Free Watercolour Tutorial – Pleasure in the Detail… The Modern Painter Part 2
Last month Helen Campbell took you through the processes needed to paint a flower with botanical accuracy. This month build your skills and confidence in watercolour by painting a simple object – an apple- using the wet-on-dry layering technique.
This tutorial is from the December 2014 edition of Leisure Painter Magazine.
The technique I will use for this painting is wet on dry as this method gives me complete control, allowing the paint to be placed exactly where I need it. I always begin my paintings by seeking out the strongest highlights and reflected light. I see that there are a few strong highlights on both the right and left-hand side where the light is reflected, and the two highlights toward the centre. It is important to retain these highlights, as it will give the completed painting a sense of realism. As you follow me through this demonstration, it’s vital that you leave each layer of watercolour to dry before applying the next.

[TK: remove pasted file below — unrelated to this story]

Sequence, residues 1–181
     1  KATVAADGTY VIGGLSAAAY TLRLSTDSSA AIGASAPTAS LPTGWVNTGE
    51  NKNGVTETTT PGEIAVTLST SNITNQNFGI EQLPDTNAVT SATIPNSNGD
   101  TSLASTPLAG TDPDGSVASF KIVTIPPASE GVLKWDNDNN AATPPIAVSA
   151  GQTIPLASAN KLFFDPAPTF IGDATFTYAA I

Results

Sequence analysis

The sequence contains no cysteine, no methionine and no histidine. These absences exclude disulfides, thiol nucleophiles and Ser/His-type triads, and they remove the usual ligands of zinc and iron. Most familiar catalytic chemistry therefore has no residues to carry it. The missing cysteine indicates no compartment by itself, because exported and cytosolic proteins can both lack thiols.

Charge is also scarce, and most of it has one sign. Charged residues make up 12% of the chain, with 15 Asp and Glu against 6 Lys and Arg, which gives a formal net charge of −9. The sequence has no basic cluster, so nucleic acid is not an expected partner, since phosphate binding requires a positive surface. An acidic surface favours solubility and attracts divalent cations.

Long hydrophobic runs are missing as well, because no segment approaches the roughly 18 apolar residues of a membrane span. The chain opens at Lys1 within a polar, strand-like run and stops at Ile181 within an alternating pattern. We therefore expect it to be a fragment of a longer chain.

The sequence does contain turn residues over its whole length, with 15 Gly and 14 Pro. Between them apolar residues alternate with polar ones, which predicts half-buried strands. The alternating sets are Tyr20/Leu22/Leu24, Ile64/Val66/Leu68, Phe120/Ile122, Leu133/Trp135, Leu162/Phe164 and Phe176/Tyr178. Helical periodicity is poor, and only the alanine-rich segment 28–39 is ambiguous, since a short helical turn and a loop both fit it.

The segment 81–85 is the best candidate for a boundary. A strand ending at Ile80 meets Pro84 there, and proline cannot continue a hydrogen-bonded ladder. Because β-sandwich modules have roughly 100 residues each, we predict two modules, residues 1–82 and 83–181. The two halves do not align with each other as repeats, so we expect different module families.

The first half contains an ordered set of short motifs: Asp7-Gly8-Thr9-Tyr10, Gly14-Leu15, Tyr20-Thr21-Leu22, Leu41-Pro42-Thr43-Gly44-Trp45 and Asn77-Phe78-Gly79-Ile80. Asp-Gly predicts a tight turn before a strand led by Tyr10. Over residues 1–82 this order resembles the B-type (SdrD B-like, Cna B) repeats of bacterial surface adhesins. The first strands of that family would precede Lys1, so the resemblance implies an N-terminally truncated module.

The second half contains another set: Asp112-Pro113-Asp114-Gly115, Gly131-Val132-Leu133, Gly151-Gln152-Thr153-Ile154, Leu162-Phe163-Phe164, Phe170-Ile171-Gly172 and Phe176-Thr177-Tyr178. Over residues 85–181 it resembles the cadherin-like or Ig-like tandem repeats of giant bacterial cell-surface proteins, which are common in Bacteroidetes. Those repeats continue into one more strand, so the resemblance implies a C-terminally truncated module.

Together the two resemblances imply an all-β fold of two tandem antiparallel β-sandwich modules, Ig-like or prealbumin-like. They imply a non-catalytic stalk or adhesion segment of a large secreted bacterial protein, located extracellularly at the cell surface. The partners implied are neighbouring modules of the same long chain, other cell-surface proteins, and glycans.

- Using a mechanical pencil, make a simple outline. The drawing should be clean, crisp and definitely not sketchy.
- Using a pale mix: of Payne’s grey and cobalt violet with the No. 3 spotter, begin painting around the strong, central highlight and the right and left-hand edges. Quickly clean the brush in water and blend this into the paper.
- The apple has an overall orange/red colour. Mix a pale wash of scarlet lake and permanent rose, and place it everywhere apart from the highlight wash you’ve just done. At this stage it doesn’t matter if the wash is patchy.